NYC Traffic Violations Lawyers
Serving New York and Long Island
For most of us, a traffic violation citation is a major annoyance, but after a bit of grumbling and complaining we typically just pay the fine and move on. After all, as the conventional wisdom goes, you can’t fight city hall, right? However, the truth of the matter may be different. There just may be a good reason to contest your ticket and perhaps a way to achieve a positive result.
- The New York Driver Point System
Points are accumulated and go on your driving record in the following manner:
Upon a traffic violation conviction, points are added.
- The total is calculated from the date of violation
- Your driver’s license is suspended if you accumulate 11 points within an 18 month period.
As most moving violations are worth 2 points, it may seem unlikely to reach 11, but points can accumulate quickly as the list below reflects:
- 3 point violations – speeding 1–10 mph over the speed limit, failure to yield, ignoring a stop light, stop sign or yield sign
- 4 point violations – speeding 11-20 mph over the speed limit, tailgating
- 5 point violations – failure to stop at a railroad crossing or for a school bus, improper cell phone use, texting
Additionally, you get 6 points for speeding 21-30 mph over the limit, 8 points for 31-40 over and all 11 points if you exceed the posted speed limit by 40 mph. Points can accumulate easier than you may think.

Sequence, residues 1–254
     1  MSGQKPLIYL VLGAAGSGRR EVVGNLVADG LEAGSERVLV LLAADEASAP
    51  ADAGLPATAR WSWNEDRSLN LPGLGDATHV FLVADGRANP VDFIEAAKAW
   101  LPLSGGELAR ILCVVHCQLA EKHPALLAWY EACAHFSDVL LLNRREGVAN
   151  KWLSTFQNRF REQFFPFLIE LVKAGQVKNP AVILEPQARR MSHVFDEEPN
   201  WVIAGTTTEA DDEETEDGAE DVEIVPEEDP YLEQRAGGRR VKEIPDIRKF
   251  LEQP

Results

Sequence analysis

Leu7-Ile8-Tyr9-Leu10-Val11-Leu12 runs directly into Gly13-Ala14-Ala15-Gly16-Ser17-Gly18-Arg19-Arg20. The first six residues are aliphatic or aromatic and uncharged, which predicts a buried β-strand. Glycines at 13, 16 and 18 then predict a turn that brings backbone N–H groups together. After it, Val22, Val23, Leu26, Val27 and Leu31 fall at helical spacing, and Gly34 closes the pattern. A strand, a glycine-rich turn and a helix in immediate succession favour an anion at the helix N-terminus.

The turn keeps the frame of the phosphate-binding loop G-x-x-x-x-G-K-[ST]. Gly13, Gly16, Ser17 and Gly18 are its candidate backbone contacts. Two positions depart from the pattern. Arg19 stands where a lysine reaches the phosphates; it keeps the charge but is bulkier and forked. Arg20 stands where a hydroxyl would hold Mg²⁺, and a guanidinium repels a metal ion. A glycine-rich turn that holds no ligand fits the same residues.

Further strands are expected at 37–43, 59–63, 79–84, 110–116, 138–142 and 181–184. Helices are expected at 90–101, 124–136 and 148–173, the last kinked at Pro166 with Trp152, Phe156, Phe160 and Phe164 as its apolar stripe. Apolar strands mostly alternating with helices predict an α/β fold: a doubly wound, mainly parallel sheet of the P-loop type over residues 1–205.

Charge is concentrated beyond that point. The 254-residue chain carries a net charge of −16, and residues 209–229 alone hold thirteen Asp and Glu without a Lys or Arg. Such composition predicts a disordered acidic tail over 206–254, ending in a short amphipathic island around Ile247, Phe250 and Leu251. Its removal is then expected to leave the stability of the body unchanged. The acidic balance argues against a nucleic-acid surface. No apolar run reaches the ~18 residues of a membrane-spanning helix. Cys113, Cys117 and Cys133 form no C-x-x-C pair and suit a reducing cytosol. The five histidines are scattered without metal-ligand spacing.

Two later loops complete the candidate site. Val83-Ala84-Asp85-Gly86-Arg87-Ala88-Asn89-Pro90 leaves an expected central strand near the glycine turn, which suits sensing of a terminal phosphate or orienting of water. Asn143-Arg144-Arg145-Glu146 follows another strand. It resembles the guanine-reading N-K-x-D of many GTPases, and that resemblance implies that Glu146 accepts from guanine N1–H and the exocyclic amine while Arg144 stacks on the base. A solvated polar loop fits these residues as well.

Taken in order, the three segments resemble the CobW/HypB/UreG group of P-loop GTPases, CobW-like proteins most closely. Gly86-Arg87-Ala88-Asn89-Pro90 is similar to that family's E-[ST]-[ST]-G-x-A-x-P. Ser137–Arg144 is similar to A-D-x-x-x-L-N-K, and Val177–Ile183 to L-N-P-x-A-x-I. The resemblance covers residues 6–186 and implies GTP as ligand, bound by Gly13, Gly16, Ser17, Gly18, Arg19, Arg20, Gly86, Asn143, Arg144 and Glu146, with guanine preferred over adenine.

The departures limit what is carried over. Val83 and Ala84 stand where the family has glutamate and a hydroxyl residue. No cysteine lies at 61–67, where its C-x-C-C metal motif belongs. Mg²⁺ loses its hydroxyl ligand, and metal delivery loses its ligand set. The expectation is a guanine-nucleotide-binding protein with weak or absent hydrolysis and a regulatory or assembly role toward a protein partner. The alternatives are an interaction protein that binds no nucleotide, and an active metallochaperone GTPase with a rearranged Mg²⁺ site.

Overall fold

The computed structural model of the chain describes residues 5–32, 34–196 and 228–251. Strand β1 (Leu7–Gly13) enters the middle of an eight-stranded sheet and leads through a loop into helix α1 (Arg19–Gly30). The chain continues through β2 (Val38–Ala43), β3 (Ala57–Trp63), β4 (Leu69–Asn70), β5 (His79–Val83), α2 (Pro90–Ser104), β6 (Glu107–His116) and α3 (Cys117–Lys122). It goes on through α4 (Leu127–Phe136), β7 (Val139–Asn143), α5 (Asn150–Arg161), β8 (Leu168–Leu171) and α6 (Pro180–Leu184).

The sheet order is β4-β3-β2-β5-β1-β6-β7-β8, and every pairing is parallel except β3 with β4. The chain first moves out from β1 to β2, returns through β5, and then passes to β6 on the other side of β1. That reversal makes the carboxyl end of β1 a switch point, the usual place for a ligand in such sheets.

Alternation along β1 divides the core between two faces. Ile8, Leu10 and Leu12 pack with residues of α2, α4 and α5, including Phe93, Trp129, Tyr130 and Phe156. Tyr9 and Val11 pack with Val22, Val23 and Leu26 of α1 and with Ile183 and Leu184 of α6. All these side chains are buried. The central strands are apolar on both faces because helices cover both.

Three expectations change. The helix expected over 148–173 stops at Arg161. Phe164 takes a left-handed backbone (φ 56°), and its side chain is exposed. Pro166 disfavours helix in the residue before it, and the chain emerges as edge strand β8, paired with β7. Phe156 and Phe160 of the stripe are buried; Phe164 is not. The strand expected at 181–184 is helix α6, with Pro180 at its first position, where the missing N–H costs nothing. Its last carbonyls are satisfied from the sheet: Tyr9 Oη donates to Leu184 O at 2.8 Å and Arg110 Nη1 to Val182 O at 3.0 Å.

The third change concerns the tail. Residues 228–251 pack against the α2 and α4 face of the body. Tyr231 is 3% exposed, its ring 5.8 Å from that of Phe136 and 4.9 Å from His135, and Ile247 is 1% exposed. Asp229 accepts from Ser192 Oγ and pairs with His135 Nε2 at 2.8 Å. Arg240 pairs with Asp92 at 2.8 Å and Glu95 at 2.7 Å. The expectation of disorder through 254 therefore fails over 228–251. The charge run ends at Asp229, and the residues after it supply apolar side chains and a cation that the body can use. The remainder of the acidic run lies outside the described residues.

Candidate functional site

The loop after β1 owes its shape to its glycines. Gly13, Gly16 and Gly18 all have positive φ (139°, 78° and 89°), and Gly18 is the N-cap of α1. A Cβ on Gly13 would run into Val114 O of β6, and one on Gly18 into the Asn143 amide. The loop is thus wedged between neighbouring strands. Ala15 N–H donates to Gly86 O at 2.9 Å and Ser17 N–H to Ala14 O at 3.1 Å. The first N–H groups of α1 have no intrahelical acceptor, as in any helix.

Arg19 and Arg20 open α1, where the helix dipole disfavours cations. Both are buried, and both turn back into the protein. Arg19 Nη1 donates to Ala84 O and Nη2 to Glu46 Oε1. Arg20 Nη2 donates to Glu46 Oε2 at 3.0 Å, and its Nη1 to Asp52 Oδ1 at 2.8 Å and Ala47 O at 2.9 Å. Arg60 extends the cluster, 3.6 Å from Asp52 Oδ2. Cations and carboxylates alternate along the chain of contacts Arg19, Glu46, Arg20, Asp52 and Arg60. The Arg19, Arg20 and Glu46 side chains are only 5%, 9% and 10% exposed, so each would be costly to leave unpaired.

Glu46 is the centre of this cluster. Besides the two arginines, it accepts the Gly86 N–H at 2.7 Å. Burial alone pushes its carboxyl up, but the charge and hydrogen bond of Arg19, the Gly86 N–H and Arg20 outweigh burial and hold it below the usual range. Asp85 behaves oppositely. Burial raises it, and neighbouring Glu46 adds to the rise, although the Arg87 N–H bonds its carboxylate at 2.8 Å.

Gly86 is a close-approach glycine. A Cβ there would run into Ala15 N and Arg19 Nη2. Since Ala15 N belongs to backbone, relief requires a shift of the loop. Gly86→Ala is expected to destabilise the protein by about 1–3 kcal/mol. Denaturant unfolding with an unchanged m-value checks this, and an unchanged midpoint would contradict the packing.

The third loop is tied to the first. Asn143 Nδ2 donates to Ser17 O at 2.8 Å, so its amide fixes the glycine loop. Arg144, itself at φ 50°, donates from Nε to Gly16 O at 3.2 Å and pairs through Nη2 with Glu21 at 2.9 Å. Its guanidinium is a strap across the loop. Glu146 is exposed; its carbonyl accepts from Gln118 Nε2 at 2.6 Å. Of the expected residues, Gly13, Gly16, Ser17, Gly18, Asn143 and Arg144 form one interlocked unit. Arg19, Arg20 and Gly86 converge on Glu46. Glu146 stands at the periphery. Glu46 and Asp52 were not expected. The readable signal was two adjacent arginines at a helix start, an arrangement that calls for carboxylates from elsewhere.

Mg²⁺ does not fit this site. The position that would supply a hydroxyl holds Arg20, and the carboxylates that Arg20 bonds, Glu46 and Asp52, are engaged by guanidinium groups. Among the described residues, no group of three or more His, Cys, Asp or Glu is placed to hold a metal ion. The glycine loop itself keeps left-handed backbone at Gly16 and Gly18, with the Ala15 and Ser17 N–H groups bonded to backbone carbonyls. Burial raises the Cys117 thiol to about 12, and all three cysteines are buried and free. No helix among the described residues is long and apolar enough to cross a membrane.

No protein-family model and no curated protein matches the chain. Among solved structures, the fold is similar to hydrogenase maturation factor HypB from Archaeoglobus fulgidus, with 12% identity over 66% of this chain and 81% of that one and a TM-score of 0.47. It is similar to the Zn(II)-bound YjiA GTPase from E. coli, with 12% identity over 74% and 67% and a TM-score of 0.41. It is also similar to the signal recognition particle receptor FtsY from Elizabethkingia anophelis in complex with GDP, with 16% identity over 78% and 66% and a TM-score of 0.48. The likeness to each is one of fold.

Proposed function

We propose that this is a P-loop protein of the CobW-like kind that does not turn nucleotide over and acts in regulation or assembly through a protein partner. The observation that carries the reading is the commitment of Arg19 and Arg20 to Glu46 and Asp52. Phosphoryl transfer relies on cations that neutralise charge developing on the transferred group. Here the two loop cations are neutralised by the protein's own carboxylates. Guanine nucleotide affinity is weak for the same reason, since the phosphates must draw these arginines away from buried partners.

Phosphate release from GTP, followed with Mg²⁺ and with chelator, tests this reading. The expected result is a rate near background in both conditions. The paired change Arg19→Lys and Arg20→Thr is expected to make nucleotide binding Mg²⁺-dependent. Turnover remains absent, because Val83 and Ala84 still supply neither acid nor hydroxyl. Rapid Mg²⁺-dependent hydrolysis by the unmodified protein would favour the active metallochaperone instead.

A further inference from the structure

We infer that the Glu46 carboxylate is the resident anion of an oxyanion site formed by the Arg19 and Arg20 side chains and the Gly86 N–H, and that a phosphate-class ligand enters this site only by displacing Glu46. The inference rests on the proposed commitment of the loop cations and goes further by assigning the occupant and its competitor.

Certainly each insurance company is different and each driver’s circumstances are unique, but your rates are all but guaranteed to go up after a traffic violation of any consequence. In fact, according to a study by insurance .com, a first time speeding ticket costs the average driver $700 more for yearly insurance premiums. Repeat offenders or those convicted of more serious violations such as driving under the influence may face cancellation of their insurance altogether.
It is without question your legal right to represent yourself in contesting your traffic citation, but is it wise? When you act as your own counsel you need to know both how, procedurally, you get to court to make your argument, and how to make your argument once you get there.
For instance, each entity that issues traffic violations has its own procedures. You have to determine whether you will follow the rules and regulations for the Traffic Violations Bureau if you received your ticket in New York City or Rochester or if you will adhere to the procedures for the county, city, town, or village where you were cited.
If you successfully get to court, you must present evidence, perhaps call witnesses and provide the court with a valid legal argument as to why you should be found not guilty. Arguing that you didn’t commit the violation, stating other drivers were doing the same thing or the officer who cited you is lying will not cut it. Those are losing arguments and you will be convicted.
If you can’t afford to lose your licensee or strongly believe you have been cited unfairly, an experienced attorney knows how to present a case in a manner most favorable to you.
Even should an outright dismissal be impossible, a lawyer may be able to have the violation reduced to a lesser charge.
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